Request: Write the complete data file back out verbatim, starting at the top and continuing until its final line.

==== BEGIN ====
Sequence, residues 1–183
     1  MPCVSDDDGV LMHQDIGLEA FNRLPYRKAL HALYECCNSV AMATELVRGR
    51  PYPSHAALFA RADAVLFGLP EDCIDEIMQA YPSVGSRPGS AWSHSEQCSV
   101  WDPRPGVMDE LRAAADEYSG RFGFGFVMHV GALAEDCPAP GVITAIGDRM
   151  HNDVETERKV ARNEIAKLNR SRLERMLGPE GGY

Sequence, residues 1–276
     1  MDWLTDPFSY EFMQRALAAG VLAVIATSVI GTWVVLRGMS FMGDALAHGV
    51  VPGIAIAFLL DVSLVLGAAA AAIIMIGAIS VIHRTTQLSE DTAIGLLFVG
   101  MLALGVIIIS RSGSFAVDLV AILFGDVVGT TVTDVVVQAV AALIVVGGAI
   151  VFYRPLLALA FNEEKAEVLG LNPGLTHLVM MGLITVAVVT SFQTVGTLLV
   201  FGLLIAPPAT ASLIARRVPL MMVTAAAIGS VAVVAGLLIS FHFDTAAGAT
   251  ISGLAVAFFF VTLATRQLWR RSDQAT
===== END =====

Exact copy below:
Sequence, residues 1–183
     1  MPCVSDDDGV LMHQDIGLEA FNRLPYRKAL HALYECCNSV AMATELVRGR
    51  PYPSHAALFA RADAVLFGLP EDCIDEIMQA YPSVGSRPGS AWSHSEQCSV
   101  WDPRPGVMDE LRAAADEYSG RFGFGFVMHV GALAEDCPAP GVITAIGDRM
   151  HNDVETERKV ARNEIAKLNR SRLERMLGPE GGY

Sequence, residues 1–276
     1  MDWLTDPFSY EFMQRALAAG VLAVIATSVI GTWVVLRGMS FMGDALAHGV
    51  VPGIAIAFLL DVSLVLGAAA AAIIMIGAIS VIHRTTQLSE DTAIGLLFVG
   101  MLALGVIIIS RSGSFAVDLV AILFGDVVGT TVTDVVVQAV AALIVVGGAI
   151  VFYRPLLALA FNEEKAEVLG LNPGLTHLVM MGLITVAVVT SFQTVGTLLV
   201  FGLLIAPPAT ASLIARRVPL MMVTAAAIGS VAVVAGLLIS FHFDTAAGAT
   251  ISGLAVAFFF VTLATRQLWR RSDQAT